Elise Bellin, Librarian of the Islamic Resource Center, wrote this book review as part of an ongoing series that focuses on a range of books within the IRC collection as a service to the community.
Alif The Unseen
Alif the Unseen by G Willow Wilson © 2012– ISBN: 9780802120205
Once upon a time in a modern but unnamed Middle Eastern country under a vaguely oppressive, relatively complex political system, there was a boy who was very good with computers, internet security, and getting into at least a little trouble now and again, as a result of his great curiosity. Online he went by the handle “Alif the unseen” and had to constantly be on the lookout for the government organization known as “the Hand.” Now it just so happened that a very old, very special book fell into this boy’s possession, a book that had been written by genies, 1001 Days (the yin to the yang of 1001 Arabian Nights, so to speak). And he isn’t the only one curious about the book. After all, legend has it that if you read to the end of the book, it can read your destiny and that will become reality.
But magic isn’t real, and genies don’t exist… Right?
In G Willow Wilson’s debut novel, the realms of the seen and unseen, reality and fantasy, all intertwine to create a fast-paced, high-octane adventure full of curses and magical creatures, alternate dimensions, secret organizations, technical wizardry, and a whole lot of fun. We are sent on a desperate escape across the desert and through hidden doorways and get mixed up in a government conspiracy or two. In short, take an online computer activist involved in some of the acts of the Arab Spring within a very realistic, if slightly generic and unnamed, Middle Eastern society and mix in some mystical elements to add another layer to the drama and stir.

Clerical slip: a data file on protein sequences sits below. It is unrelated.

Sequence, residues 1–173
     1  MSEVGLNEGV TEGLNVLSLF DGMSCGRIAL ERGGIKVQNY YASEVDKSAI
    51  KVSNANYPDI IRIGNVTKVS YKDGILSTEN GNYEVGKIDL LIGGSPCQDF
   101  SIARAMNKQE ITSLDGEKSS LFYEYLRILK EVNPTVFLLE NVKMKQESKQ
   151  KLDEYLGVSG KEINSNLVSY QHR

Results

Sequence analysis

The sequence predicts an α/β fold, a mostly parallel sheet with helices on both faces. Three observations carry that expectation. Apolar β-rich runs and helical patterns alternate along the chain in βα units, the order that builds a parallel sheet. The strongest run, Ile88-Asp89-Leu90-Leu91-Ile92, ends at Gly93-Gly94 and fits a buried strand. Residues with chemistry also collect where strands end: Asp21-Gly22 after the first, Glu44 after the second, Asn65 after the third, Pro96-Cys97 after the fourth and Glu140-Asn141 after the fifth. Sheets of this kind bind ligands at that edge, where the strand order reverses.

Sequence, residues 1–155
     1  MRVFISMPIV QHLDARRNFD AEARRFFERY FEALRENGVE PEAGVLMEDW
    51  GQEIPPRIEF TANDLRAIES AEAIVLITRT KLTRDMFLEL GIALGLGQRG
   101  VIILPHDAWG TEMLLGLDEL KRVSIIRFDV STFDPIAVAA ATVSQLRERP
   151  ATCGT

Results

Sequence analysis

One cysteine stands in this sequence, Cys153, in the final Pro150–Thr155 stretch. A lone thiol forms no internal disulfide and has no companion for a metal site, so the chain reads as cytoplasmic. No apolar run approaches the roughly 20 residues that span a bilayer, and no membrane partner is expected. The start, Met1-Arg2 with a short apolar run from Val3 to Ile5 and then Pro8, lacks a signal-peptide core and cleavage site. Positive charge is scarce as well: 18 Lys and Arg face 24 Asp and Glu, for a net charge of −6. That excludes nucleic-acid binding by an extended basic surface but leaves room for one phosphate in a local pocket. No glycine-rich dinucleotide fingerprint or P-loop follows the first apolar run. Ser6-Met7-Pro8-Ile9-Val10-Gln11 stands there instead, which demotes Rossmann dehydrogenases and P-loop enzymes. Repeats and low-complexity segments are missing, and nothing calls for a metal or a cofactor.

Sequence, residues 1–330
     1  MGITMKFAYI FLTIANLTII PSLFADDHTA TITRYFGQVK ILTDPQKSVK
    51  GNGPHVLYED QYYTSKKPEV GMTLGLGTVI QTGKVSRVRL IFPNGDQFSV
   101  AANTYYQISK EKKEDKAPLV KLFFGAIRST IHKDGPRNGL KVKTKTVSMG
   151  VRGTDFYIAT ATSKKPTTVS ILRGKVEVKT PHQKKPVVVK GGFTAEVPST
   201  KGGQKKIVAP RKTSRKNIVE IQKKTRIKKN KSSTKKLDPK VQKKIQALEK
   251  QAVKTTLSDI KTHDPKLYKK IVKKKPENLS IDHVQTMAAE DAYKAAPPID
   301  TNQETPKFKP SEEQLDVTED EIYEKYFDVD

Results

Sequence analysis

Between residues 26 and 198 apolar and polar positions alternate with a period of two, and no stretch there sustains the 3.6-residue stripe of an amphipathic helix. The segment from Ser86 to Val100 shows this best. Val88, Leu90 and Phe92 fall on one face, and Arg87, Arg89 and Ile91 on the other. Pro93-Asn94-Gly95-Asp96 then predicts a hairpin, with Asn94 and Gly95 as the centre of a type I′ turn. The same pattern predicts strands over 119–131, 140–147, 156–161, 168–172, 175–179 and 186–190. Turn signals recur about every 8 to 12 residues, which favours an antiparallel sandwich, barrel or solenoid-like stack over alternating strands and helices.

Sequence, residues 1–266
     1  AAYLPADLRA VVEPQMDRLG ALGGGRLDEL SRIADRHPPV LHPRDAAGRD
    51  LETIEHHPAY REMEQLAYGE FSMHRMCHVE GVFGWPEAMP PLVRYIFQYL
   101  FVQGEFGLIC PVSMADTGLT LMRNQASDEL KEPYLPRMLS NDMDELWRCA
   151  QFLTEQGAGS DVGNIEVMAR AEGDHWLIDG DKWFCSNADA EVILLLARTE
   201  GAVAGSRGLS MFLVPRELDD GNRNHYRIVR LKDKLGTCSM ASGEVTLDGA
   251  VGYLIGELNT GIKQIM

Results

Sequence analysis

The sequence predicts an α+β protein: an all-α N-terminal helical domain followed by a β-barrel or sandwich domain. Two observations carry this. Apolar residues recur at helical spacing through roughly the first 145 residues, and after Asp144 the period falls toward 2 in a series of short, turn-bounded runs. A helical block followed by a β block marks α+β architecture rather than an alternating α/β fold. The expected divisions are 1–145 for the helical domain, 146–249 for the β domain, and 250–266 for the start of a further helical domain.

If you are a fan of urban fantasy or enjoy a more modern handling of mythology, if you like stories about government corruption, conspiracies or being chased through the streets and risking capture at every turn, this book might be just what you are looking for. If you are interested in books that look at some of the issues that led to the Arab Spring, while this might not exactly be set within reality, you might also find this interesting. If you believe there is more to this world than meets the eye, this is definitely the book for you.
Founded in 2010, the Islamic Resource Center (IRC) is the first Islamic public lending library in Wisconsin. The IRC aims to provide resources to educators, students, health professionals, interfaith groups, and any members of the Milwaukee community that want an accurate understanding of the Islamic faith, its practices, and its people.